The decision to accept a plea bargain or go to trial is incredibly important. You must have an honest conversation about your rights, defenses, and options with your Pensacola criminal defense attorney before deciding if you should take a plea or go to trial.
Accepting a deal from the prosecutor provides some certainty and usually results in a lesser sanction, such as probation instead of jail. Accepting responsibility for a crime relieves the state of the burden of proving the case beyond a reasonable doubt.
You have a right to hold the prosecution to the burden of proof and maintain your innocence. There are no guarantees when you take a case to trial. However, electing to go to trial means that the jury could acquit you of the charges.
Preventing someone like a prospective employer from obtaining a copy of your criminal history could help you find a great job. Florida law allows individuals to ask a court to seal or expunge criminal charges under limited circumstances.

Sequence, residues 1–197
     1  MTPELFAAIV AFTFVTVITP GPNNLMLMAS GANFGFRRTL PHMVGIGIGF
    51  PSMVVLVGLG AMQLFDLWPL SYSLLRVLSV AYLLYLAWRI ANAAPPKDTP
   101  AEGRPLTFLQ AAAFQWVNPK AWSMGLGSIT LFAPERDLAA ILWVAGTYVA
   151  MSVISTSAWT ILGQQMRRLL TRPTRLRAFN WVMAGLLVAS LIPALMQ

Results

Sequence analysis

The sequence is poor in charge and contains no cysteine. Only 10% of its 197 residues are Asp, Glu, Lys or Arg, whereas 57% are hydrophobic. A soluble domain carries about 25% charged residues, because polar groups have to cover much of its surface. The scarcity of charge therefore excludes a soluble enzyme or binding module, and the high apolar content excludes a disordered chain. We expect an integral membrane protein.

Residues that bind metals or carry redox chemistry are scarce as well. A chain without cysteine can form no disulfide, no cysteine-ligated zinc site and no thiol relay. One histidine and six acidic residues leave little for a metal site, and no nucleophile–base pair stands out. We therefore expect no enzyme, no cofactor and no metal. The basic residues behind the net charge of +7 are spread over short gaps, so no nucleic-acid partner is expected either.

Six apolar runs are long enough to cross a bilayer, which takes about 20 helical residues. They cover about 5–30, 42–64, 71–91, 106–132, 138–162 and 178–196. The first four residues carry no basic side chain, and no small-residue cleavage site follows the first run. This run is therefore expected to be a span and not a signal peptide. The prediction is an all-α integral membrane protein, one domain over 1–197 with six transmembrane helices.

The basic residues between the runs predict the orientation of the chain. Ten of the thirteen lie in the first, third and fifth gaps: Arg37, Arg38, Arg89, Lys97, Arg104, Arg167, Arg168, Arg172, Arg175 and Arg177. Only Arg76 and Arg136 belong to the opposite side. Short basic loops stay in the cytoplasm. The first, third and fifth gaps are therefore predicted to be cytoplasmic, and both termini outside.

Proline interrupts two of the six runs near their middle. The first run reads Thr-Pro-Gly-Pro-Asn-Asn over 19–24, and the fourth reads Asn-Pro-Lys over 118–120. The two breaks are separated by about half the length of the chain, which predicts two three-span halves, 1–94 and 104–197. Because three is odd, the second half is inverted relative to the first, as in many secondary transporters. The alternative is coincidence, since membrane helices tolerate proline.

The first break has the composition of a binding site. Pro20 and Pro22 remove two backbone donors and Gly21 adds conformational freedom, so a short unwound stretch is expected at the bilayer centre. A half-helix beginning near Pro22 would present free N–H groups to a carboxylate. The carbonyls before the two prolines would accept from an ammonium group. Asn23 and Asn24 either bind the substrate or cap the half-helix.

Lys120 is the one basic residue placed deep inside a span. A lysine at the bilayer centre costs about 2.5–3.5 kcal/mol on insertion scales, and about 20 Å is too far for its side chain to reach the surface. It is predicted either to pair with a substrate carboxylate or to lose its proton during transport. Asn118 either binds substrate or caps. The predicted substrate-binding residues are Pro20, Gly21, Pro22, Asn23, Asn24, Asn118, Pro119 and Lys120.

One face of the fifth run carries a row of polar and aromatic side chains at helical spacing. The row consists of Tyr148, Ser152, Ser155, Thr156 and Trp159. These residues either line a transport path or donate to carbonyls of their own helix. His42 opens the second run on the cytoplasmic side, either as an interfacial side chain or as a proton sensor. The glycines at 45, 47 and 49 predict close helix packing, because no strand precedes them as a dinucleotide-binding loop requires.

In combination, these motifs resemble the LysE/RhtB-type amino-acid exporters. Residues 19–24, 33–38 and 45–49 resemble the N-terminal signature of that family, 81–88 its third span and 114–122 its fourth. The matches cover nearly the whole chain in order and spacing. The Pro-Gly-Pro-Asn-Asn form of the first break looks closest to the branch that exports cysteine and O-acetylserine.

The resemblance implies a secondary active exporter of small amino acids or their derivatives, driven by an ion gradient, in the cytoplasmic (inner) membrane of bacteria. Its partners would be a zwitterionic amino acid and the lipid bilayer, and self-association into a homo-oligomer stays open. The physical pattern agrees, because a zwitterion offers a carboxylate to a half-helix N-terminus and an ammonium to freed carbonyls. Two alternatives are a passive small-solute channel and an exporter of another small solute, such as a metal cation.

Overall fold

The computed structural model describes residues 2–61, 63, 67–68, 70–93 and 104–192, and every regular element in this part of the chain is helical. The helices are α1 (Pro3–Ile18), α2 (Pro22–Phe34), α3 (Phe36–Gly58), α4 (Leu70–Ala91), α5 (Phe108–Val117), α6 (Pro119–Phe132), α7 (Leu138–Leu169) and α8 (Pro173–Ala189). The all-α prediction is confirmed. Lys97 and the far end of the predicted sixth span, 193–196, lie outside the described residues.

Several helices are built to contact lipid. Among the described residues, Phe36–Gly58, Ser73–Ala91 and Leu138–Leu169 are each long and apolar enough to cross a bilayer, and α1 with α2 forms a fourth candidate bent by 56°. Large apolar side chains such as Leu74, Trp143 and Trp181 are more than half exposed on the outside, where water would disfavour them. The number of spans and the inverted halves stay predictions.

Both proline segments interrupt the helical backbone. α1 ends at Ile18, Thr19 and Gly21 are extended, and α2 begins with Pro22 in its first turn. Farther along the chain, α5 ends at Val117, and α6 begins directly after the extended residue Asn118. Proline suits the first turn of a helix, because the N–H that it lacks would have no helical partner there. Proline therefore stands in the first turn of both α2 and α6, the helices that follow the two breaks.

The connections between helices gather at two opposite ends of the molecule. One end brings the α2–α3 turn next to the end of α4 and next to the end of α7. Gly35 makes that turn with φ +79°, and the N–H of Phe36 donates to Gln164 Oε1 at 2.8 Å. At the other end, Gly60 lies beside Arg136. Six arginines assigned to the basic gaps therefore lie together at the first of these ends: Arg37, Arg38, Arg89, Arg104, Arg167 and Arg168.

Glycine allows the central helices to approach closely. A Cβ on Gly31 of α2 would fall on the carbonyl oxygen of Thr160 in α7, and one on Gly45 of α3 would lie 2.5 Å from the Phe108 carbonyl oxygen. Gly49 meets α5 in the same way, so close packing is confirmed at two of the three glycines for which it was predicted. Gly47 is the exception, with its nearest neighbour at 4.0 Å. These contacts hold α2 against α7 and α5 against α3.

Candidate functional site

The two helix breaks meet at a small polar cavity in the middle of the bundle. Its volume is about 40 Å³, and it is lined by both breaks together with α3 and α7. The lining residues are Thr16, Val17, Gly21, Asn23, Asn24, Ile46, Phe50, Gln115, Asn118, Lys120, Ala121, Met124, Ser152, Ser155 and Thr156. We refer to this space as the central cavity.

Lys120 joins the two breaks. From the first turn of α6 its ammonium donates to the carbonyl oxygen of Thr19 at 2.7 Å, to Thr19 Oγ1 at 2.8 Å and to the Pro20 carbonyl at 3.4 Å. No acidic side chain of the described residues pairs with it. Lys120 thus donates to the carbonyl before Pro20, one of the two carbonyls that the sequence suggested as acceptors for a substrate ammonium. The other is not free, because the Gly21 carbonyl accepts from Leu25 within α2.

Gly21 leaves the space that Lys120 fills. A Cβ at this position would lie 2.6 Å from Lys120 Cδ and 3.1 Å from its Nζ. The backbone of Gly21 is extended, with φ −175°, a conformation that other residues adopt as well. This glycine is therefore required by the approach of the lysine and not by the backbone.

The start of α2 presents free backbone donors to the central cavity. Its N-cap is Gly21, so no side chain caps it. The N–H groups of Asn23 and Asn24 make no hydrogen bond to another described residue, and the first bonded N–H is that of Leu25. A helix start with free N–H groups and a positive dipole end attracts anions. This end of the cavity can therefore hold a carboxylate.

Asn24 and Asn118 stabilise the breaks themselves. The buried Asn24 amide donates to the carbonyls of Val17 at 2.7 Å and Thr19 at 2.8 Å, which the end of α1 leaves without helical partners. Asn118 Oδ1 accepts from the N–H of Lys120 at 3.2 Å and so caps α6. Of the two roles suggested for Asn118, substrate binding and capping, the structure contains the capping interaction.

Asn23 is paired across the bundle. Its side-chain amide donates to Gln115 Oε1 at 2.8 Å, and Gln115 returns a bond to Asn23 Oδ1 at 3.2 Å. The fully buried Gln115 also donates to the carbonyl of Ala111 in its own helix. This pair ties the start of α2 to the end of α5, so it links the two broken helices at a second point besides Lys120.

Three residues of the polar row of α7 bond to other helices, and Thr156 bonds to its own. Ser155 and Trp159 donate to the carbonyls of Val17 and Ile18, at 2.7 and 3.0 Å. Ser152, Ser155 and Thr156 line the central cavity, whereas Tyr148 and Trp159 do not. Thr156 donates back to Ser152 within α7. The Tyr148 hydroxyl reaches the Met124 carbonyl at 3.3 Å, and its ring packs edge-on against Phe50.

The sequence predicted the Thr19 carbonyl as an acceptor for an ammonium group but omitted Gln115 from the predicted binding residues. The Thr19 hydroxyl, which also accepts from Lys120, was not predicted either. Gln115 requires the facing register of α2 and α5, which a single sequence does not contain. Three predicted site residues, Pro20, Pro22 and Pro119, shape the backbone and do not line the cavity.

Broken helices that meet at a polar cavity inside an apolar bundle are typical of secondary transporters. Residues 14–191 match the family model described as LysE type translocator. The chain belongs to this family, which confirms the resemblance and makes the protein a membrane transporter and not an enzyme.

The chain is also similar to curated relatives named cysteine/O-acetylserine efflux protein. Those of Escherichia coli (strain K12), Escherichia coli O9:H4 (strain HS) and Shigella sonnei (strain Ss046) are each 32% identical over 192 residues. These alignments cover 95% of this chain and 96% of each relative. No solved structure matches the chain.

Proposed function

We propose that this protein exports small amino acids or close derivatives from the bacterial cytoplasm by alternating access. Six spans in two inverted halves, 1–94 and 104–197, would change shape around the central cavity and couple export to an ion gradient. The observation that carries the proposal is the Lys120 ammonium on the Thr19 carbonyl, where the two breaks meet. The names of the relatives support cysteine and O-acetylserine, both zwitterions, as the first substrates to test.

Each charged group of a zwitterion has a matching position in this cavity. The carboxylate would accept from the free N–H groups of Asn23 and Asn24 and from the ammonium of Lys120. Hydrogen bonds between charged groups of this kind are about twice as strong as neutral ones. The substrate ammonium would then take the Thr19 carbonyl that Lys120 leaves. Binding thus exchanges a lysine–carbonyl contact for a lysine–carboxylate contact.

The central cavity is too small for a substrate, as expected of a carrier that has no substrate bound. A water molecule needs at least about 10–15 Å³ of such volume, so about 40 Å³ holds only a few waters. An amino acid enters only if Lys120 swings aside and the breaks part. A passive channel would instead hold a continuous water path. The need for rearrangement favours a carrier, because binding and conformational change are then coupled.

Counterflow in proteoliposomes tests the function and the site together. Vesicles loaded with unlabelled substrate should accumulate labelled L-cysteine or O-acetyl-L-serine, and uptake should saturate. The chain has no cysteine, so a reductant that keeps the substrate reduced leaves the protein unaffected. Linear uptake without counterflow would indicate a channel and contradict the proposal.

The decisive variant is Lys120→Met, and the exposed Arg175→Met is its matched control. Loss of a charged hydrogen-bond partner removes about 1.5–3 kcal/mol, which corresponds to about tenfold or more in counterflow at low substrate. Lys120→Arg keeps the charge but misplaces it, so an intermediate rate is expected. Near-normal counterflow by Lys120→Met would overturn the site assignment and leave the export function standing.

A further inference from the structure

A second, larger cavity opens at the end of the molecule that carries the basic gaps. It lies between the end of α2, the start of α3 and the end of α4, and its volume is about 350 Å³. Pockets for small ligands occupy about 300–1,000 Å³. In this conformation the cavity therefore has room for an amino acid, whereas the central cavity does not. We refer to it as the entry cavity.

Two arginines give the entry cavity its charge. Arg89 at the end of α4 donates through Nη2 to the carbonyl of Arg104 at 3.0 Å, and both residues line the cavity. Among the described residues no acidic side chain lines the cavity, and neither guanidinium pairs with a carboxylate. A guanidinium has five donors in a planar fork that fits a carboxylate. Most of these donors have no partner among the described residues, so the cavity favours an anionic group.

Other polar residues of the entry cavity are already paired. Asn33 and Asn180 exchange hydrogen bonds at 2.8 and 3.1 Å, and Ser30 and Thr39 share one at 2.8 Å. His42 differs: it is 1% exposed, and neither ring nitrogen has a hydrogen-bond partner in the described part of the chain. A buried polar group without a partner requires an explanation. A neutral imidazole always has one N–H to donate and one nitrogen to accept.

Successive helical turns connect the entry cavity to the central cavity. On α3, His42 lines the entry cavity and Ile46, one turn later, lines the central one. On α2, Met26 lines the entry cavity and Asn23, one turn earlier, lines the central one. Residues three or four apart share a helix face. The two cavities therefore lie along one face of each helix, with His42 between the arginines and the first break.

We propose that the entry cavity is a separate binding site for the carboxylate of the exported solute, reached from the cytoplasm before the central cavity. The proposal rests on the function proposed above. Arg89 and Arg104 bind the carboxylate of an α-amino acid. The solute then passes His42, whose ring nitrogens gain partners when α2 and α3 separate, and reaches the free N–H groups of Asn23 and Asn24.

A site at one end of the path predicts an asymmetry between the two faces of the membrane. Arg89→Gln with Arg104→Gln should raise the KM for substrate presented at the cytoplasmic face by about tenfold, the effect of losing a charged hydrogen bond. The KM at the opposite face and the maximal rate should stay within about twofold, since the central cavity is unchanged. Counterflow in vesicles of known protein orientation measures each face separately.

Expunction, or expungement, means that the court destroys the criminal record. Sealing a record prevents the public from accessing the information contained in the court’s file.
The process to expunge or seal a record is complicated. Enlisting the help of an experienced criminal defense attorney from Pensacola is vital to making sure your criminal record does not prevent you from living the life you want.
The Pensacola criminal defense attorneys with Emmanuel Sheppard & Condon vigorously defend their clients’ rights. Contact us online, or call an experienced criminal defense attorney from Pensacola, FL, with Emmanuel Sheppard & Condon today.
With over 100 years of service to the Pensacola community, we have a reputation for excellence and the compassion you need to successfully defend your criminal charges.